Only when we recognize our connectedness to the earth, says Thich Nhat Hanh, can real change begin.
We can all experience a feeling of deep admiration and love when we see the great harmony, elegance, and beauty of the earth. A simple branch of cherry blossom, the shell of a snail, or the wing of a bat—all bear witness to the earth’s masterful creativity. Every advance in our scientific understanding deepens our admiration and love for this wondrous planet.
When we can truly see and understand the earth, love is born in our hearts. We feel connected. That is the meaning of love: to be at one. Only when we’ve fallen back in love with the earth will our actions spring from reverence and the insight of our interconnectedness.
Yet many of us have become alienated from the earth. We are lost, isolated, and lonely. We work too hard, our lives are too busy, and we are restless and distracted, losing ourselves in consumption. But the earth is always there for us, offering us everything we need for our nourishment and healing: the miraculous grain of corn, the refreshing stream, the fragrant forest, the majestic snow-capped mountain peak, and the joyful birdsong at dawn.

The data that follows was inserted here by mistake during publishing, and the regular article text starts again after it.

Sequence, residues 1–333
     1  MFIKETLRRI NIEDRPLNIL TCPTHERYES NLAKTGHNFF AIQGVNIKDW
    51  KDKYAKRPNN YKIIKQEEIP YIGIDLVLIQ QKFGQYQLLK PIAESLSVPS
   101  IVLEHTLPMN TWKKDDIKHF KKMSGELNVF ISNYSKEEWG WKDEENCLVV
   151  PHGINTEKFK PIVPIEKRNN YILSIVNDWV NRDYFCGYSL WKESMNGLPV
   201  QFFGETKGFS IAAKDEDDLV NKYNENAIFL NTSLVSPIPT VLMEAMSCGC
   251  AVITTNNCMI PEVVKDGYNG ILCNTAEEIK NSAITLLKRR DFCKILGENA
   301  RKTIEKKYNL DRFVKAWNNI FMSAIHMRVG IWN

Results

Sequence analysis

We need to consume in a way that keeps our compassion alive. Yet many of us consume in a way that is violent. Forests are cut down to raise cattle for beef or to grow grain for liquor while millions in the world are dying of starvation.
Reducing the amount of meat we eat and alcohol we consume by 50 percent is a true act of love for ourselves, for the earth, and for one another. Eating with compassion can already help transform the situation our planet is facing and restore balance.
There’s a revolution that needs to happen and it starts from inside each one of us. We need to wake up and fall in love with the earth.
From “Mindfulness Bell,” Autumn 2014